No. 5 Jungle Carbine.
The No.5 Jungle Carbine. These are light and short, with excellent handling characteristics. (Photo: The Firearm Blog)

11. The Carbine of the Jungle

The No. 5 Mk 1 (also referred to as the “Jungle Carbine”) was produced in smaller numbers. It was a very short, handy rifle, noted for having more recoil than its full-sized brethren. The shorter length gave it an advantage for maneuvering through jungle undergrowth and tight spaces. They were manufactured from 1944 to 1947.

I’ve fired several examples of the Jungle Carbine and have not noted that the recoil was punishing, by any means. It was more pronounced than the longer versions of the Enfield, but not prohibitive.

12. Improving The Sights

The No. 4 Enfield utilizes an aperture rear sight, which is a vast improvement over the forward-mounted sights of the SMLE. The No.4’s barrel is also heavier than that of the No. III and the magazine cutoff was eliminated.

No. 4 Enfield.
Lee-Enfield No.4 Mk. 1 in .303 British. The aperture sight was a marked improvement over the No. III’s sight. Photo: Cowanauctions.

13. An Old Sniper

In 1942, the No. 4 Mk 1(T) was approved. This model had a high-comb cheek piece and a telescopic sight. It was designated for snipers and 25,000 to 30,000 of them were manufactured during WWII.

No. 4 Mk I (T) sniper rifle.
The sniper version, the No. 4 Mk 1 (T), along with its accessories, including a case. First introduced in WWII, a variant of this sniper rifle served well into the1990’s. Photo: Captain Stevens.

14. Mass Quantities

During WWII, just over one million No. 4 rifles were produced.

No. III SMLE.
The SMLE was produced in huge numbers, as were all other variants, including the No. 4. Photo: Guns & Ammo, Philip Schreier.

The Enfield No. III and No. 4, along with their variants, soldiered through two world wars and some smaller ones. They did so reliably while defeating evil. These rifles were looked upon fondly by the troops who used them. They were easy to fire, with recoil being low. Additionally, they were easy to clean and maintain. This rifle will go down in history as one of the most effective arms ever made.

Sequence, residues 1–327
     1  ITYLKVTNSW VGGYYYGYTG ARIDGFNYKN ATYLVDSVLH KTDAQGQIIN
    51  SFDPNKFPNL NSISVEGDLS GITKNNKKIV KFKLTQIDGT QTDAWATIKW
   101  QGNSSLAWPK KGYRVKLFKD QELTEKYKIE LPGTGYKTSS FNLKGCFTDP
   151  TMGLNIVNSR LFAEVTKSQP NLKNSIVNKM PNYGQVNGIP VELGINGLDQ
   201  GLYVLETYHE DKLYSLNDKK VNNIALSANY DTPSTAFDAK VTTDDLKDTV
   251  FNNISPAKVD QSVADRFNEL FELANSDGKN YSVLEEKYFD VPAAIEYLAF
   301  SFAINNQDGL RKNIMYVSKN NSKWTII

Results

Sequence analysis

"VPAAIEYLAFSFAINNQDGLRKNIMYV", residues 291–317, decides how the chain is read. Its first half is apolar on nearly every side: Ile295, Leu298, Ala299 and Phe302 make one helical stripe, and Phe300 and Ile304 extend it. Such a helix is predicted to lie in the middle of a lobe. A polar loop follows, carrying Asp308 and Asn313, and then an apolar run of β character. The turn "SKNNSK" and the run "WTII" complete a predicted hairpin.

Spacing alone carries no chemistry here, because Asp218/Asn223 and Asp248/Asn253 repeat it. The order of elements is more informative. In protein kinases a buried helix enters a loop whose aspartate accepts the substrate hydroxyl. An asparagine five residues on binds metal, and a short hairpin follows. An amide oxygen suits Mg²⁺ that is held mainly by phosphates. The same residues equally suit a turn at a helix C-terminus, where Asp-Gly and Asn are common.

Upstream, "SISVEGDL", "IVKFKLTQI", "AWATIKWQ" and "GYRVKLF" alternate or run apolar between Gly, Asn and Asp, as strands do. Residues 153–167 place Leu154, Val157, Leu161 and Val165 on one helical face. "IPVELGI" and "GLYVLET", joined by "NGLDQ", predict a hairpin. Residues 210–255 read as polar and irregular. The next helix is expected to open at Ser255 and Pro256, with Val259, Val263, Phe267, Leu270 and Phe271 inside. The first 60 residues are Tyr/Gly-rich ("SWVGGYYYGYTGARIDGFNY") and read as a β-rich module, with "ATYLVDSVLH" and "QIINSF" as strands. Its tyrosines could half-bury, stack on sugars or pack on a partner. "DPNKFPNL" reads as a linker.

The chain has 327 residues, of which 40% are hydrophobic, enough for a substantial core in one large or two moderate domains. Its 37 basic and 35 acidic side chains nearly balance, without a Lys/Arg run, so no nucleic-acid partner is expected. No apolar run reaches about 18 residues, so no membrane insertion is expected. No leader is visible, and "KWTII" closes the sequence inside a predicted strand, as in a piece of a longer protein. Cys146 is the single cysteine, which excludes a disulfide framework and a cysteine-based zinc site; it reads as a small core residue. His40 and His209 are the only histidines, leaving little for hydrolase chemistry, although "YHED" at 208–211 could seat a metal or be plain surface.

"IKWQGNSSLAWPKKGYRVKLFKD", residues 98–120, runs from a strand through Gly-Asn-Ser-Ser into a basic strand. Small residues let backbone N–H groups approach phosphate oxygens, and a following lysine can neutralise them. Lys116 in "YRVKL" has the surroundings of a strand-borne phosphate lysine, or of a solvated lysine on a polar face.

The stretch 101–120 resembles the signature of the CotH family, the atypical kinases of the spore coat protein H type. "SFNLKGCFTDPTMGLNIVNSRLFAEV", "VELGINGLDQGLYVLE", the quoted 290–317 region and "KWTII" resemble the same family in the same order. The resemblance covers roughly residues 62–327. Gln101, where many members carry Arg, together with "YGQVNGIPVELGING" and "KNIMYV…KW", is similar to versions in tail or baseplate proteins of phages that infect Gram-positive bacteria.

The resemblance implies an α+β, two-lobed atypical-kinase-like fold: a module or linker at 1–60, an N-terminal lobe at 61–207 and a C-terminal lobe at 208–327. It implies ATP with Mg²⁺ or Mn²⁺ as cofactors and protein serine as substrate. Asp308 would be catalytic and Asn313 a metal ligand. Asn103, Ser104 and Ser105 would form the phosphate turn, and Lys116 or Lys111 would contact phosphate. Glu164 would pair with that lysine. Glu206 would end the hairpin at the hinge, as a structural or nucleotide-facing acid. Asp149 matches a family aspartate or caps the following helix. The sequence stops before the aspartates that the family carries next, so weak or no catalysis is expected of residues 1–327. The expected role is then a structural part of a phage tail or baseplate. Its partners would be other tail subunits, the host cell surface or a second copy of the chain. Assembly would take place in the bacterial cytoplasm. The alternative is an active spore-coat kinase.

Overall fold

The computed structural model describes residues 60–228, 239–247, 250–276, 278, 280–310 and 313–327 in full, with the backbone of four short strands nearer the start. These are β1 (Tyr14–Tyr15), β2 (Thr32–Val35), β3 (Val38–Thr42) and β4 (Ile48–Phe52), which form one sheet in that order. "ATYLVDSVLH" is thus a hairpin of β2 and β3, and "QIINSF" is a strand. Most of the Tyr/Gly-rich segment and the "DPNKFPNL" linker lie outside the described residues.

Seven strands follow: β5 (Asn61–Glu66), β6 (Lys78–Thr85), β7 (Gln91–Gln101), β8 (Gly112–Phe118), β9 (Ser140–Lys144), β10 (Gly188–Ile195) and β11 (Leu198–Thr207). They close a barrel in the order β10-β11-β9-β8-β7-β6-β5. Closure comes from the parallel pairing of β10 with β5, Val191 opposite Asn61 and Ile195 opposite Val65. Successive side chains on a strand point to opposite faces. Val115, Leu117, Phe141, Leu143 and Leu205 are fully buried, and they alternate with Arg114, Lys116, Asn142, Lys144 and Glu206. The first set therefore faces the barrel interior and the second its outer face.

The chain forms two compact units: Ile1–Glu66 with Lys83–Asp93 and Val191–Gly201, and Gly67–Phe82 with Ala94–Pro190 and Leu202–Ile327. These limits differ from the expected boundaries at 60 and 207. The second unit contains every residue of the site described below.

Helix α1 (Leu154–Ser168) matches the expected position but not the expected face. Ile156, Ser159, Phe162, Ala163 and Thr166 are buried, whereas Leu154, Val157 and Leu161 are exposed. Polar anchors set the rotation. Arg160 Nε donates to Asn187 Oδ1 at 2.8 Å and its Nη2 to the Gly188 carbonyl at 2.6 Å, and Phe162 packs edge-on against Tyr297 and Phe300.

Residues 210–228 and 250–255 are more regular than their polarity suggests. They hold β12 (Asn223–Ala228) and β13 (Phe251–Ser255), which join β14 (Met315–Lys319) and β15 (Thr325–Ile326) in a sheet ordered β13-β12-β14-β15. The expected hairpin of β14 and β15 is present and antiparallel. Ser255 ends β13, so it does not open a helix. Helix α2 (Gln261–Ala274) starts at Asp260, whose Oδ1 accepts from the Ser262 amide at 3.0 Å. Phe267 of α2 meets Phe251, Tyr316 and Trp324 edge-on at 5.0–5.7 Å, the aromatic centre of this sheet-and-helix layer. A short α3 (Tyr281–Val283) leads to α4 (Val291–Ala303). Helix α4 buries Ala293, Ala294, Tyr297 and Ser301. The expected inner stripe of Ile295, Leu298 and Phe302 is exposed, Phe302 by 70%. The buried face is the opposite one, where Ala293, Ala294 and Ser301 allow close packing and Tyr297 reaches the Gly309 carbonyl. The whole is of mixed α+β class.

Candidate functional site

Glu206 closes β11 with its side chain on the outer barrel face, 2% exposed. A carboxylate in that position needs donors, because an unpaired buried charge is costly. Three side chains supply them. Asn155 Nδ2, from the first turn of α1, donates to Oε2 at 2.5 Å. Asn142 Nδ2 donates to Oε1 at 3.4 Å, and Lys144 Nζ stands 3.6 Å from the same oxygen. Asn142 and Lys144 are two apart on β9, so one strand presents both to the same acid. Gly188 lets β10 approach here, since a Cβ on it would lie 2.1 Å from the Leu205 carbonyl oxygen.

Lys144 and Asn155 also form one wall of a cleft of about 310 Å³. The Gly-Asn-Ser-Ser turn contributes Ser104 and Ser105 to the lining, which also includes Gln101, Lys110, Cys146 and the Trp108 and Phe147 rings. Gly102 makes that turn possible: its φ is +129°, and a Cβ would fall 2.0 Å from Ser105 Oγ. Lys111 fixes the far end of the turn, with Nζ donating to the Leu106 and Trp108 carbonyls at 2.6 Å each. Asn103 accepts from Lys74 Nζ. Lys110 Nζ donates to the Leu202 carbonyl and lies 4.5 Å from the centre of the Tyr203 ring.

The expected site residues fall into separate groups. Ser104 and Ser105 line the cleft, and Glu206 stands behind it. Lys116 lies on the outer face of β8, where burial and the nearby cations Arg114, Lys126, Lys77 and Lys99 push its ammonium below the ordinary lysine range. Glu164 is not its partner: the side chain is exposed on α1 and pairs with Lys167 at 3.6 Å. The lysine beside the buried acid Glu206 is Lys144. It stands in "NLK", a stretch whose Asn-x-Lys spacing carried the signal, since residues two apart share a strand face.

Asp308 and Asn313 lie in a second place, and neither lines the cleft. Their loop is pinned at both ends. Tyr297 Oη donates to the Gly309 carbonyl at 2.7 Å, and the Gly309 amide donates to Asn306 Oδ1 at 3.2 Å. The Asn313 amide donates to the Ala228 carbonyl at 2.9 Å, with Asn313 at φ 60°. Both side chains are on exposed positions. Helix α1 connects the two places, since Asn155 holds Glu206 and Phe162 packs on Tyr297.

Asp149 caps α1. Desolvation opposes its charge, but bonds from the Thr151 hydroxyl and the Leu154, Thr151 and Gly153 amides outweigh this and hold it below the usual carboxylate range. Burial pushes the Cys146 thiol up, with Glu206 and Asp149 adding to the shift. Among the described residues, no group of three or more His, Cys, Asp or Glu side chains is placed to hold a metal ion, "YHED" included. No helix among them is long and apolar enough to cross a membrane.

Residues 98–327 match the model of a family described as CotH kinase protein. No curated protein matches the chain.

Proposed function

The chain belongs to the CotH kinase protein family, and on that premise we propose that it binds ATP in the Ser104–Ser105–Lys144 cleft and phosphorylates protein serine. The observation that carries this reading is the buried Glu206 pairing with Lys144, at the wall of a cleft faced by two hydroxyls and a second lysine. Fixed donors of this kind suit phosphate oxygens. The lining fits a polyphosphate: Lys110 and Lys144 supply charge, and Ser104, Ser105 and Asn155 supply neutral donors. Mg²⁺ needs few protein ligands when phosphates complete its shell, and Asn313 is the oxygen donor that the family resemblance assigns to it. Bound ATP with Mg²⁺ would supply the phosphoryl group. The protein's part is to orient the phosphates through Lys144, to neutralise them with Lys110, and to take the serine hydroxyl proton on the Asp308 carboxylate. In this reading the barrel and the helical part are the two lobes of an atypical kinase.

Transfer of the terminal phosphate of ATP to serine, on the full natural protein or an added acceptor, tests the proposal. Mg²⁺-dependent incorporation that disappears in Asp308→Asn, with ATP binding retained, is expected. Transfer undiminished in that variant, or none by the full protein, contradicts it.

15. Volley Sights

The Metford (first equipped with volley sights), Long Lees, and SMLEs were equipped with volley sights, which were a long range sight that allowed formations to fire in volleys. How long range? Up to 3,500 yards! The angle of the fire was high and the infantrymen would fire together. The rounds would form a cone around the target and were intended to harass concentrations of infantry or fortifications. Volley fire was intended to be fired by units of 100 or more troops.

These sights were not meant to be precise, but rather to blanket an area in mass fire. After 1915, most rifles no longer came equipped with volley sights, and they were eliminated from production.

Jim Davis served in the PA Dept. of Corrections for 16 ½ years as a corrections officer in the State Correctional Institute at Graterford and later at SCI Phoenix. He served on the Corrections Emergency Response Team (CERT), several of those years as a sniper, and also the Fire Emergency Response Team (FERT). For 25 years, he was a professional instructor, teaching topics including Defensive Tactics, Riot Control and Tactical Operations, Immediate Responder, and cognitive programs as an adjunct instructor at the DOC Training Academy. He was then promoted to the title of corrections counselor, where he ran a caseload and facilitated cognitive therapy classes to inmates. His total service time was close to 29 years. He was involved in many violent encounters on duty, including incidents of fatalities.